The proposal, which ministers are almost certain to accept, is likely to be bitterly opposed by some teachers arguing that it will re-create the division between grammar and secondary modern pupils. It would take schools much closer to Continental systems of education, notably in Holland and Germany, which divide pupils into vocational and academic streams at 14.
The proposal comes from Sir Ron Dearing, the former Post Office chairman, who was asked earlier this year to carry out a fundamental review of the national curriculum. His report goes to John Patten, the Secretary of State for Education, this week and will be published after Christmas. The changes are likely to be introduced from September 1995.
After protests from teachers that the curriculum was overblown and unwieldy, Sir Ron was asked to slim it down and, in particular, to reduce the amount of testing.
His report proposes a sharp departure from the national curriculum conceived by Kenneth Baker, when he was Secretary of State for Education six years ago. Mr Baker intended pupils to pursue 10 subjects until age 16 and be tested on all of them. Vocational subjects were not included.
Sir Ron says that primary school pupils should be tested, at seven and 11, only on English, maths and science.
But the biggest proposed departure is in the curriculum for 14 to 16-year-olds. Sir Ron wants maths, science and English to remain full compulsory subjects - modern languages and technology would also stay, but an interim report hinted that these might only be half- courses. History, geography, music and art would no longer be compulsory. This would leave time for pupils to specialise in vocational or academic subjects, or a combination of the two.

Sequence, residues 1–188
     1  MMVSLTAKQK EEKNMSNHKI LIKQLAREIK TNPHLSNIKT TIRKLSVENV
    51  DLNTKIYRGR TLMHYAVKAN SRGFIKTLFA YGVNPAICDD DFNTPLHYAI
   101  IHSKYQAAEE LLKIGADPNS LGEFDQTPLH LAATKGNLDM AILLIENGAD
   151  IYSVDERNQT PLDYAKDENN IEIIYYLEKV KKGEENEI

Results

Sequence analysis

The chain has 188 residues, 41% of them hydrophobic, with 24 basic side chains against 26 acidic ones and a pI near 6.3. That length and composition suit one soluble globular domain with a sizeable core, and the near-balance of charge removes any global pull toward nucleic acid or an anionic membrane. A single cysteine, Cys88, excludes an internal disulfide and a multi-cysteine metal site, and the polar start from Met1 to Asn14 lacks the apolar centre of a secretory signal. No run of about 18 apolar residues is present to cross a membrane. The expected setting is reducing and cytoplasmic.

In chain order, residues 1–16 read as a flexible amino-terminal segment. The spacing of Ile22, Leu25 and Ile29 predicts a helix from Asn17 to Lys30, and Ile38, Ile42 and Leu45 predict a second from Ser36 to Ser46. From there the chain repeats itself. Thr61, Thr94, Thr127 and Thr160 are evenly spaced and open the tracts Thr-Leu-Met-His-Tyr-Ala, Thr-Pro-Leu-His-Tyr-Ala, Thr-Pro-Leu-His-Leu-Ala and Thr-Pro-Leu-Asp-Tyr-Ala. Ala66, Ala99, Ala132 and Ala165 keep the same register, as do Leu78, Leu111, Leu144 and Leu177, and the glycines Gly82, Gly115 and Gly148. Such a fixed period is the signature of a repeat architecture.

Sir Ron wants the vocational courses for 14-year-olds brought into line with those for 16 to 19-year-olds. This could lead to pupils splitting into two streams from the age of 14: one aiming directly for vocational qualifications, the other for A-levels and university entrance. Many teachers believes that this runs against the spirit of comprehensive education. Because subjects such as bricklaying, plumbing and catering have lower status than, say, history, geography and French, children would be divided into sheep and goats, they say. Tests at 14 might eventually become a watershed similar to the old 11-plus; divisions would occur within schools rather than between them.
Other teachers, however, argue that vocational courses - which some schools introduced on a small scale last year - provide better motivation for pupils who are bored by academic work.
Under Mr Baker's national curriculum, pupils take tests at seven, 11 and 14. The results place them, for each subject, on a 10-level scale from level one (the lowest) to level 10 (the highest). The tests are immensely complex because they involve assessing pupils on dozens of different aspects of each subject and making 'statements of attainment'.
Despite right-wing Tory pressure to scrap the testing system and introduce simple, factual tests, Sir Ron has recommended that the 10-level scale should stay. But it will be altered to reduce drastically the number of 'statements'.
Only five years after a series of working parties, appointed by Mr Baker, designed the national curriculum for each subject, a new series will be appointed in January. They will prune the amount of material that teachers are compelled to teach by law.
Sir Ron hopes the revised curriculum will be in schools in a year's time.
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